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As I sat on the sofa nursing the baby, I just wanted my mom to come over and fold my laundry. Though she also wanted nothing more, the miles between us prevented that kind of spontaneous face-to-face.

There is a special kind of heartache when the people closest to your heart are not actually near you. As an increasingly mobile society, we are less likely to raise our children in the same spot we were raised. But distance doesn’t mean we have to be isolated from our extended families. We can do some intentional things to stay close even if there is a state line or international border that separates us.

Use technology

We have more tools than ever to connect with almost anyone on the planet. Calling, photo sharing, and video features like Facetime are often available right in our pockets. They offer a spontaneity that allows us to connect right when we want to. Skype and Google hangout let lots of people to get on a group conversation at once. Apps like Voxer are tools to keep the conversation going all day despite constant interruptions by little people.

Incorporate the everyday

Of course you want to share the big moments. But don’t limit the phone calls to the lost tooth or new pregnancy announcement. Make sure you are also sharing the mundane details. These are the minutia that let others in to your everyday experience. What you’re making for dinner, that tomorrow you’re headed to Tuesday morning story time at the library, that you’re wearing your new sweater. It’s the constant contact and little details that will help others feel like they know your actual, daily life, and therefore feel connected to it. This could mean more frequent, shorter conversations.

Have realistic expectations

Sometimes a three-year old loves video chatting with Grandma. Sometimes she doesn’t. Just like in real life, kids don’t always cooperate with our expectations. Sometimes your sister has half an hour to talk. Sometimes she doesn’t. And often when she does, you are in the middle of changing a diaper or handling a tantrum. Recognize that technology can work for you, but it has to work within the confines of your (and others’) reality. Don’t blame this on distance. You’d have many of these same constraints if you lived next door (and now you have the benefit of ending a call when the two-year old starts melting down, not true when your mom is standing in the same room.)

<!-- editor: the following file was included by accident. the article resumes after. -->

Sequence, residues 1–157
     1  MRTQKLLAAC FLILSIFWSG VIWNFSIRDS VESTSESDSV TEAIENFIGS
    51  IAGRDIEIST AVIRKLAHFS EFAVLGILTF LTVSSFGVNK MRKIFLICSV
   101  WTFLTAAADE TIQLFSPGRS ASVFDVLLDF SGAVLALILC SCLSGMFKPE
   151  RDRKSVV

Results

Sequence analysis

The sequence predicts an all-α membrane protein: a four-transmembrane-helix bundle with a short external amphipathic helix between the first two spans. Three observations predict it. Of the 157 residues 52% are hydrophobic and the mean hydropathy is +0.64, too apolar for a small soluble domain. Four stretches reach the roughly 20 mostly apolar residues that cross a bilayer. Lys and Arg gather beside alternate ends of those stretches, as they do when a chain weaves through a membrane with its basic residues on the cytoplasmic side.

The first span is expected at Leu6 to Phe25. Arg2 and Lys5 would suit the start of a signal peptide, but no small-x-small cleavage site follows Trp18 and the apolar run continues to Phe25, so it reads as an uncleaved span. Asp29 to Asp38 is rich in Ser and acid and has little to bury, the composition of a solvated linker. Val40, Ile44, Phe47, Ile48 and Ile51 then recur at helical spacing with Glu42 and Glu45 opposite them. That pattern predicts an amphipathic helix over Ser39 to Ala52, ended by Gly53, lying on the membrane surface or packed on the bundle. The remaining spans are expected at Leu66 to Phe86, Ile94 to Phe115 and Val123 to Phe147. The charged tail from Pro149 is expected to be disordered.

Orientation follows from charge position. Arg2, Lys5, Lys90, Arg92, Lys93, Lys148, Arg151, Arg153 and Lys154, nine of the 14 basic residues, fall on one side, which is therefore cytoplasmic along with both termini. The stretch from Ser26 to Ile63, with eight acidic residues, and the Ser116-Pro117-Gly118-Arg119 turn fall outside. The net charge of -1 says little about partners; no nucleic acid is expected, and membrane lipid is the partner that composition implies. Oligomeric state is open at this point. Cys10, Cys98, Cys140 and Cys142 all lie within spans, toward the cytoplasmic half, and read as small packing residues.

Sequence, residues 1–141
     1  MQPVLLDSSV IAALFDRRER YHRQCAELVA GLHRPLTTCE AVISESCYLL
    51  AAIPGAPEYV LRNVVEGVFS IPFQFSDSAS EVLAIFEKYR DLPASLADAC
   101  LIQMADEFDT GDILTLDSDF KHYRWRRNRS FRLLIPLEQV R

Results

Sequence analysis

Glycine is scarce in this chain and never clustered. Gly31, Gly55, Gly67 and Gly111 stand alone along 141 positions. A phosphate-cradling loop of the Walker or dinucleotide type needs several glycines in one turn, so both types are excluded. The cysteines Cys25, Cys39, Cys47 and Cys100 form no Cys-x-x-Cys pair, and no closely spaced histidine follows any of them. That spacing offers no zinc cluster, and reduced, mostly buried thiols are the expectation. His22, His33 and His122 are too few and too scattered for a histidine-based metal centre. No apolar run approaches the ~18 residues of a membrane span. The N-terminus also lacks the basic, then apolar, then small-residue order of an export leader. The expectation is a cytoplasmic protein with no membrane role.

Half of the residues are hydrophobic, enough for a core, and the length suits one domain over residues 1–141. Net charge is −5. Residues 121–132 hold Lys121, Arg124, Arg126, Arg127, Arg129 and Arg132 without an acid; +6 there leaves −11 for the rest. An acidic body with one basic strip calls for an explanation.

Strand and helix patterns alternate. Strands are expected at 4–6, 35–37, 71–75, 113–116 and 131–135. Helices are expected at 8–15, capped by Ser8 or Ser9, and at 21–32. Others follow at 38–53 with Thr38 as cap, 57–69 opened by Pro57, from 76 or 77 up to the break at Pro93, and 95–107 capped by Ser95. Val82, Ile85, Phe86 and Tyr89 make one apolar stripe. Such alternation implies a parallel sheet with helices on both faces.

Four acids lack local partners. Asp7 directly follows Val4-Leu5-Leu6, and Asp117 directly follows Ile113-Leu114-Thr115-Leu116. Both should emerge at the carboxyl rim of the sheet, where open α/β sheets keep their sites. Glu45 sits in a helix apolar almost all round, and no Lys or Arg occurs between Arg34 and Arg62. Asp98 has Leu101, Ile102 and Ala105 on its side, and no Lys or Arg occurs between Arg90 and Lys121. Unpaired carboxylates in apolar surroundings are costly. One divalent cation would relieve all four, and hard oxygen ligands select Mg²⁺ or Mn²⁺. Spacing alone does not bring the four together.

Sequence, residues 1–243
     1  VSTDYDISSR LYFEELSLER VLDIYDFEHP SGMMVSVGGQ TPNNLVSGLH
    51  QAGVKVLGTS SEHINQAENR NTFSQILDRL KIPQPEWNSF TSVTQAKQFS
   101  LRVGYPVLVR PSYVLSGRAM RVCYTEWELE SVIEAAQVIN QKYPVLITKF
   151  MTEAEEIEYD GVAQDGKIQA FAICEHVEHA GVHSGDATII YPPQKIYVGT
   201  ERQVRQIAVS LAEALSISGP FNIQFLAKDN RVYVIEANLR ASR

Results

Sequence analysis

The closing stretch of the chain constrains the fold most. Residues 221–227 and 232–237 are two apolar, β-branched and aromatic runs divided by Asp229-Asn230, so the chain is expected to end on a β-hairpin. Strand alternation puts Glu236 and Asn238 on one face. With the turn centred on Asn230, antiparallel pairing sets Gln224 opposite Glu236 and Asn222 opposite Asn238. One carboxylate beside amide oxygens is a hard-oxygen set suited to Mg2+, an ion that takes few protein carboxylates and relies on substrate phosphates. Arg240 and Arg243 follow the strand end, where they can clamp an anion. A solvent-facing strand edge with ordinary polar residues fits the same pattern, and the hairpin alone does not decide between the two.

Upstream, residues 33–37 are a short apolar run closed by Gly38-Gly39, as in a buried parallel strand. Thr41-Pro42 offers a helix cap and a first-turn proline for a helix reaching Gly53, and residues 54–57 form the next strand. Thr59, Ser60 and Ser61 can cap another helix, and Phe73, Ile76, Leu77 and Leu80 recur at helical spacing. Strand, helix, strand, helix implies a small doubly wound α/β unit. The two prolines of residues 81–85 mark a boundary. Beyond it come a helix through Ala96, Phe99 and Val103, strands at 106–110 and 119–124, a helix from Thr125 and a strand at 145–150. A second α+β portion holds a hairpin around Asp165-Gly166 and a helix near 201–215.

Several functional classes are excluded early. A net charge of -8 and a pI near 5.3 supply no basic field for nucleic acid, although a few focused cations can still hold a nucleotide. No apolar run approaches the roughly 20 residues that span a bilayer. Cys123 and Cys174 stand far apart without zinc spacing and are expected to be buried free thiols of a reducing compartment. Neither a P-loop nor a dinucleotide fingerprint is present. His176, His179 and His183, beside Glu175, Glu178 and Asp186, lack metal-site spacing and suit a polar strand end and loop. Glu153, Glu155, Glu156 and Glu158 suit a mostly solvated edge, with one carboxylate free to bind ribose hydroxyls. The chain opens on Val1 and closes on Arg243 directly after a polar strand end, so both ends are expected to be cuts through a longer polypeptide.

Prioritize in-person visits too

Though bonding can happen through constant virtual contact, there’s nothing like playing for hours with cousins in their basement or eating Grandpa’s signature spaghetti sauce or giving your aunt a real hug. When possible, make in-person connection a reality. Sometimes those who don’t have young children are more mobile than those who do (though when possible take full advantage of baby’s ability to fly for free.) Sometimes one family’s travel budget is tighter than another’s. Be honest about limitations and work together to figure out how to spend time together face-to-face. Because people are always worth the effort.


alex-2Alexandra Kuykendall
As a mom to four girls, ages 3 to 12, Alexandra Kuykendall’s days are spent washing dishes, driving to and from different schools and trying to find a better solution to the laundry dilemma. She writes to capture the places where motherhood meets everyday life to remember the small, yet significant moments in the midst of the blur. She is the author of The Artist’s Daughter, A Memoir , a contributor to this year’s Be you, Bravely, An Experiment in Courage and acts as the Specialty Content Editor for MOPS International. A city girl at heart, she makes her home in the shadow of downtown Denver. You can read more of Alex’s everyday thoughts and connect with her at